Look to Ven. Fulton Sheen for the Eucharistic Revival
We would do well to allow Archbishop Sheen’s rich teaching on the Holy Eucharist to penetrate our minds and hearts.
The Solemnity of Corpus Christi this year marked the beginning of a national Eucharistic revival, called for by the bishops of the United States. This revival has the potential to radically transform the stateside Church. So many of us, clergy and laity alike, pray that it does.
In the midst of this revival, there are many great saints of the Church to whom we can look to inspire our own growing devotion to the Eucharist: St. Clare of Assisi, St. Peter Julian Eymard, St. John Paul the Great and more. In these United States, one of the towering figures to whom we should look for inspiration is America’s pastor, Venerable Fulton Sheen. Without a doubt, growing in devotion to Sheen, reading and listening to his magnanimous teaching and preaching, will ultimately lead us to deeper devotion to Jesus Christ, specifically to Our Lord in the Blessed Sacrament.
It is well known that the venerable pastor made a holy hour in front of the Eucharistic Lord every day of his priesthood, nearly 60 years. We faithful certainly can learn from that example, seeking out a chapel or a church as frequently as possible. Beyond that, within Sheen’s 60-plus books, numerous radio series, and more than 10 seasons of a top-rated primetime television show, there are masterful moments of teaching and preaching about the Eucharist. We should mine some of that mountain of material for its deep richness. Even better, we will never exhaust the material fully because Our Blessed Lord is divine and infinite. He keeps giving and renewing!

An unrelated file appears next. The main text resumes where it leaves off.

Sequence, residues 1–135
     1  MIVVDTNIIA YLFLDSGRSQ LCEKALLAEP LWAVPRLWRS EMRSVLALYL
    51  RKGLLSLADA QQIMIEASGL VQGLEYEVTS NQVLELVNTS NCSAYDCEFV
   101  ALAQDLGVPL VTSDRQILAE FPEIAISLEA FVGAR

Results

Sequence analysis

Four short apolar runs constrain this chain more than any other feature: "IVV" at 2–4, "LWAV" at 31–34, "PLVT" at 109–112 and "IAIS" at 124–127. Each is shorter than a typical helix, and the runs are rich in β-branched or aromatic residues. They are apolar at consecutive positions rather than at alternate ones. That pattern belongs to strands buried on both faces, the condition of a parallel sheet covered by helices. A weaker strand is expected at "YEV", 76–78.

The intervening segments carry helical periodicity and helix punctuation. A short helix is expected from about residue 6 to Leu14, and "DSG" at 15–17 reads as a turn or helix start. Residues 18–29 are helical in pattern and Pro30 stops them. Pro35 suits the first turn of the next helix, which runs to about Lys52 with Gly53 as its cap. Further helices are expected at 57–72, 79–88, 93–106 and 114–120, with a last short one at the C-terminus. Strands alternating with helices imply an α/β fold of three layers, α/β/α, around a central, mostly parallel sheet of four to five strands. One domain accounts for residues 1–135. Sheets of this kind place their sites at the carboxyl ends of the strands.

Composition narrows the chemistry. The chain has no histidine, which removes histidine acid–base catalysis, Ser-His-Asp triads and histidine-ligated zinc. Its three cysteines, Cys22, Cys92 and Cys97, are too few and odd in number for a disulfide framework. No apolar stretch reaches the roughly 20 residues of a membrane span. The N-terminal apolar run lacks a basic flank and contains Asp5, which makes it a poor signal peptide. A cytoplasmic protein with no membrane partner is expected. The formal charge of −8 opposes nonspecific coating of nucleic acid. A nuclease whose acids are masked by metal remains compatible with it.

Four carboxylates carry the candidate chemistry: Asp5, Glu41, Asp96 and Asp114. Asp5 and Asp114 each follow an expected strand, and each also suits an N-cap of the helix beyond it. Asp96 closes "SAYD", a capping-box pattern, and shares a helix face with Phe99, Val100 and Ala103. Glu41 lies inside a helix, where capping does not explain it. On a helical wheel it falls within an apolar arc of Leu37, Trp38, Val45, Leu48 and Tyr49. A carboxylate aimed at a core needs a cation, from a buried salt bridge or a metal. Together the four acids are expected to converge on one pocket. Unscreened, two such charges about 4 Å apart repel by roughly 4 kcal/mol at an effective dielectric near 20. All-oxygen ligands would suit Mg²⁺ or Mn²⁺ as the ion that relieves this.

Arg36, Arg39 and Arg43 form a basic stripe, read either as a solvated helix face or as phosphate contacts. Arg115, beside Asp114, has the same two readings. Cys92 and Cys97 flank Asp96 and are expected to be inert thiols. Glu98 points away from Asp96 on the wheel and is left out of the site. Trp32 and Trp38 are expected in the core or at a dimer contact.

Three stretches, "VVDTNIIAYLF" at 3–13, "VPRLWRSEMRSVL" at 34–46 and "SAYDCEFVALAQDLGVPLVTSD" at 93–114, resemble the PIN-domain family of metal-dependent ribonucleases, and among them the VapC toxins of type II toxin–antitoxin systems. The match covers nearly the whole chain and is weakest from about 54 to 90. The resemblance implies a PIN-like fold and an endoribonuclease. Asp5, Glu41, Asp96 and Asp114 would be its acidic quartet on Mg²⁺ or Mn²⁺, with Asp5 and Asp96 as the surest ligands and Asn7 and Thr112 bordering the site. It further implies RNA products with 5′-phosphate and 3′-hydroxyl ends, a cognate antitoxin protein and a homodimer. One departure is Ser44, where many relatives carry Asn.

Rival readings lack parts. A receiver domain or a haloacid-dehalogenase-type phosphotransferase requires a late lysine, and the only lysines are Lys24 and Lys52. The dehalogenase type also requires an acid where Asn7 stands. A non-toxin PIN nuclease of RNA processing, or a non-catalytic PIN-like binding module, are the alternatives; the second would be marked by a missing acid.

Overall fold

One particularly rich passage comes from Sheen’s 1934 book, The Eternal Galilean. There, he made specific connections between Jesus’ Passion and the settings and movements of the Mass. He wrote:
The mount of Calvary where He performed the last and solemn act of His priesthood was the Cathedral; the Cross suspended between Heaven and earth, in reconciliation of both, was His altar; the crimson that poured out from the precious wardrobe of His side was the royal vestment of sacrifice; the sun turning to red at the horrors it saw was the sanctuary lamp; the Body which He gave as Bread was the host; the blood which He poured out like water was the priceless wine; the separation of both by the crucifixion and the act of His will was the consecration; and His last words commending His soul to the hands of the Heavenly Father was the Ite Missa est.
Any disciple of Jesus could spend hours meditating on these images of liturgical moments, gaining a deeper appreciation for what Jesus did in the Paschal Mystery, and what he has given to us in the Eucharist.
Another place to find rich fodder for devotion is in Sheen’s magnus opus, Life of Christ. There, the theologian and bishop retold the story of the walk to Emmaus on the day of the Resurrection and the meal that Our Hidden Lord shared with the two disciples. About the eucharistic meal, Sheen wrote: